Rhode Island Payroll Laws (2024 Guide For Employers)

What do you know about Rhode Island payroll laws?

Straight off the bat, here are a few key points:

Both employees and employers need to learn about the detailed rules of payroll and work laws in Rhode Island. Even though this means taking in a lot of information, it’s necessary to make sure they follow these important rules properly.

Without wasting any time, let’s dive in.

Disclaimer: Despite our best efforts to provide you with accurate information on this topic at the time of writing, we cannot guarantee the accuracy of the content at the time of reading. This blog post is for informational purposes only and should not be considered legal advice. Consult an attorney for specific guidance on Rhode Island payroll laws.

Rhode Island Labor Laws

The state of Rhode Island has various labor laws in place to ensure that employees receive fair treatment and compensation.

These laws encompass a range of topics, including minimum wage, overtime pay, meal breaks, and record-keeping.

Rhode Island Minimum Wage

As of the time of writing, the Rhode Island minimum wage is $14.00 per hour.

This rate is higher than the federal minimum wage of $7.25 per hour.

Employers in Rhode Island must pay their employees at least the state minimum wage unless exemptions apply.

Overtime Pay in Rhode Island

Rhode Island labor laws require employers to pay non-exempt employees overtime pay for hours worked beyond 40 in a workweek.

Overtime pay is calculated at one and a half times the employee’s regular rate of pay.

Meal Breaks & Meal Periods in Rhode Island

In Rhode Island, employees who work an eight-hour shift are entitled to a 30-minute meal break.

If an employee works a six-hour shift, they are entitled to a 20-minute meal break.

These meal breaks must be provided within the first six hours of the employee’s shift.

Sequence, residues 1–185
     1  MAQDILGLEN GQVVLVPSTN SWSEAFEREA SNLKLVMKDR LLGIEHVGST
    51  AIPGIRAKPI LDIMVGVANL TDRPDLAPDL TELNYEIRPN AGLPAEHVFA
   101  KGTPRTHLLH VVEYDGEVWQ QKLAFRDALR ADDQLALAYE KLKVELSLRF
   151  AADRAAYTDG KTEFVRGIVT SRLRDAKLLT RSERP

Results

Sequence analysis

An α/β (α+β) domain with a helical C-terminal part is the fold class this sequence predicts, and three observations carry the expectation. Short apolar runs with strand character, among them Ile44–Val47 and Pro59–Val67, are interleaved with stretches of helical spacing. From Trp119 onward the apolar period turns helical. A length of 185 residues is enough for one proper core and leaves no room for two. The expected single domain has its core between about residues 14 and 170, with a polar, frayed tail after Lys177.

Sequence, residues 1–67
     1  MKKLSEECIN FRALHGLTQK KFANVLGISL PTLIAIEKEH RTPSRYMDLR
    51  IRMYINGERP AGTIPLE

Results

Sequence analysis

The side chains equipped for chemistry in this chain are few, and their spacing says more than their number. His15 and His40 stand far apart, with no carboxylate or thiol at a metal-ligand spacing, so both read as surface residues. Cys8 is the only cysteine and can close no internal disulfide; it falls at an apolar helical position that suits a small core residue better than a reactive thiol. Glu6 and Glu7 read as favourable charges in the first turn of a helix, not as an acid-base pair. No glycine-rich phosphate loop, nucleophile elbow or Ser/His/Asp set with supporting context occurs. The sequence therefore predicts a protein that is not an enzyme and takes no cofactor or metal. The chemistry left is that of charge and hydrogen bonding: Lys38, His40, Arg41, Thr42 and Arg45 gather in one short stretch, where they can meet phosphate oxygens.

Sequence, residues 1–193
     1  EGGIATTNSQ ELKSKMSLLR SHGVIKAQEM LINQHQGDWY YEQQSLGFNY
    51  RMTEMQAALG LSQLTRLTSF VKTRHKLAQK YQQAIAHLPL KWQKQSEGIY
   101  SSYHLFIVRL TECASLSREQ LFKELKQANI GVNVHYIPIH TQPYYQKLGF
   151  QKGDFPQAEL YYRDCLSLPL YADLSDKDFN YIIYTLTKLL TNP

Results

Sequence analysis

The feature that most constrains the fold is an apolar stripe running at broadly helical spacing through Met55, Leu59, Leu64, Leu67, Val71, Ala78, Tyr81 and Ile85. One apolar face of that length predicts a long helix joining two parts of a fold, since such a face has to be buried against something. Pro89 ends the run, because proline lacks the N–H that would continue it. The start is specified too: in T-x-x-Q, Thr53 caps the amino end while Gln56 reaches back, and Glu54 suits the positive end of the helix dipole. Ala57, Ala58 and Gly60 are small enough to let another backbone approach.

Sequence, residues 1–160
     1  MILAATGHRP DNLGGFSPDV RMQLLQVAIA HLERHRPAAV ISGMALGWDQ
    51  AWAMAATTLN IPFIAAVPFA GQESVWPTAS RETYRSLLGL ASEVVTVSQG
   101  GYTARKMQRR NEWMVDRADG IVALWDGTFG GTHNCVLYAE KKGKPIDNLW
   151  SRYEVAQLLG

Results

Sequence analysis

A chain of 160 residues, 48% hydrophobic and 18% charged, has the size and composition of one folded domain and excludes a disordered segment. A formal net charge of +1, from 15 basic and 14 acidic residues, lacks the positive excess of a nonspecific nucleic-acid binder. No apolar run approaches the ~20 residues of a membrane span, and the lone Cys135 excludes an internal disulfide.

Pay Periods & Final Paychecks in Rhode Island

Pay Periods

Rhode Island does not specifically require weekly payroll.

Employers may establish pay periods as weekly, biweekly, or semi-monthly.

Employers must pay employees within nine days of the end of the pay period.

Final Paychecks

Rhode Island is considered a “final pay state.” Employers must provide terminated employees with their final paycheck, including all unpaid wages, by the next regular payday.

Payment must be made at the usual place of payment or mailed to the employee if requested.

Labor Law Exemptions & Special Provisions


Rhode Island labor laws provide exemptions for specific categories of employees.

Some exempt employees include certain agricultural workers, independent contractors, and outside salespersons.

These exempt employees may not be subject to minimum wage, overtime, or meal break requirements.

Child Labor Laws in Rhode Island

Rhode Island has specific child labor laws in place to protect minors under the age of 18.

These laws regulate the number of hours that minors can work, the type of work they can perform, and the required work permits.

During school vacations, minors are allowed to work up to 48 hours per week.